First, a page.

– by Linda Tran
“What if I could put him in front of you? The man that ruined your life. If I could guarantee you would get away with it… Would you kill him?”
Predestination is an Australian science fiction film, directed and written by The Spierig Brothers (Michael and Peter), and stars Ethan Hawke, Sarah Snook and Noah Taylor. Based on the short story ‘All You Zombies’ by Robert A. Heinlein, it tells the story of a time-traveling Temporal Agent (someone who travels back and forth through time altering history and preventing man-made disasters from happening) on his final assignment, chasing after a mass-murderer who has eluded him throughout his career.
Ethan Hawke (Gattaca, Daybreakers) delivers a strong performance in his second collaboration with The Spierig Brothers. His character in this film is deep and dramatic; which is used to draw the audience in at the start, as well as delivering the jaw-dropping twist ending.
After the film establishes the basic plot, guidelines and time travel rules, it is entrusted over to Sarah Snook (Packed To The Rafters, Not Suitable For Children) who gives a phenomenal performance – whether it was re-telling her character’s life story to Hawke as part of their bar banter, or portraying her younger self in flashbacks. Her character is highly unusual and has gone through some intense life lessons, which has ultimately made her become a different person. Her younger and adult selves exist as completely different characters, yet Snook shows a subtle similarity between the two, tying them together despite being worlds apart. Her performance gave believability to the character’s life story, with her strong performance delivering emotions of loss, hope, love and disappointment.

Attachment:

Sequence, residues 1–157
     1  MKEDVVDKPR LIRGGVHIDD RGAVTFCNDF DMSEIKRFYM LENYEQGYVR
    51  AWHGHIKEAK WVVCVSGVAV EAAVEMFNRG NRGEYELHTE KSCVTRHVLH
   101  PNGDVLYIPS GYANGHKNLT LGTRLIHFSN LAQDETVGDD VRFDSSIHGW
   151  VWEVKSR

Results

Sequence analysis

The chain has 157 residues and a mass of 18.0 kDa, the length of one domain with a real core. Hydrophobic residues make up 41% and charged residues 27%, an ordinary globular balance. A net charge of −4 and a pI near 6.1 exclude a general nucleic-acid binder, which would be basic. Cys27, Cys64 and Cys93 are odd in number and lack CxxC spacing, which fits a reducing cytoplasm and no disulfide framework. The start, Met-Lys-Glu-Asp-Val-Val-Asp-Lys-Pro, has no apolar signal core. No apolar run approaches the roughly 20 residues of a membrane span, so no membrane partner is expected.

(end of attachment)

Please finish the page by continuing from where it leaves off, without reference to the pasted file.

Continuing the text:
Set between the 1940s and 1970s, the film is a mixture of futuristic science fiction technology (or how the 1960s saw ‘futuristic’) and the 1970s style all wrapped up into one look. The mixture gives both a messy action feel, as well as being reminiscent of the decades past.
The Spierig Brothers have taken a complicated time-travel short story and made a creative piece with it. Having only previously directed Daybreakers and Undead, they are relatively “new”; nevertheless they do have an amazing eye for science-fiction and story telling. Laced in to this sci-fi art piece are also themes of self-identity, self-esteem, life purposes, acceptance, and the human drive to try and change the inevitable.
This film is one of those “you’ll either love or hate it” kind of films – depending on where you stand with time travel, open/closed endings, The Spierig Brothers, or science fiction in general. If you do decide to go see it, the only advice I have is “prepare your mind.” After all, it is about time travel, so there are several plot twists and plenty of moments where you need to take a moment to wrap your head around what’s happening.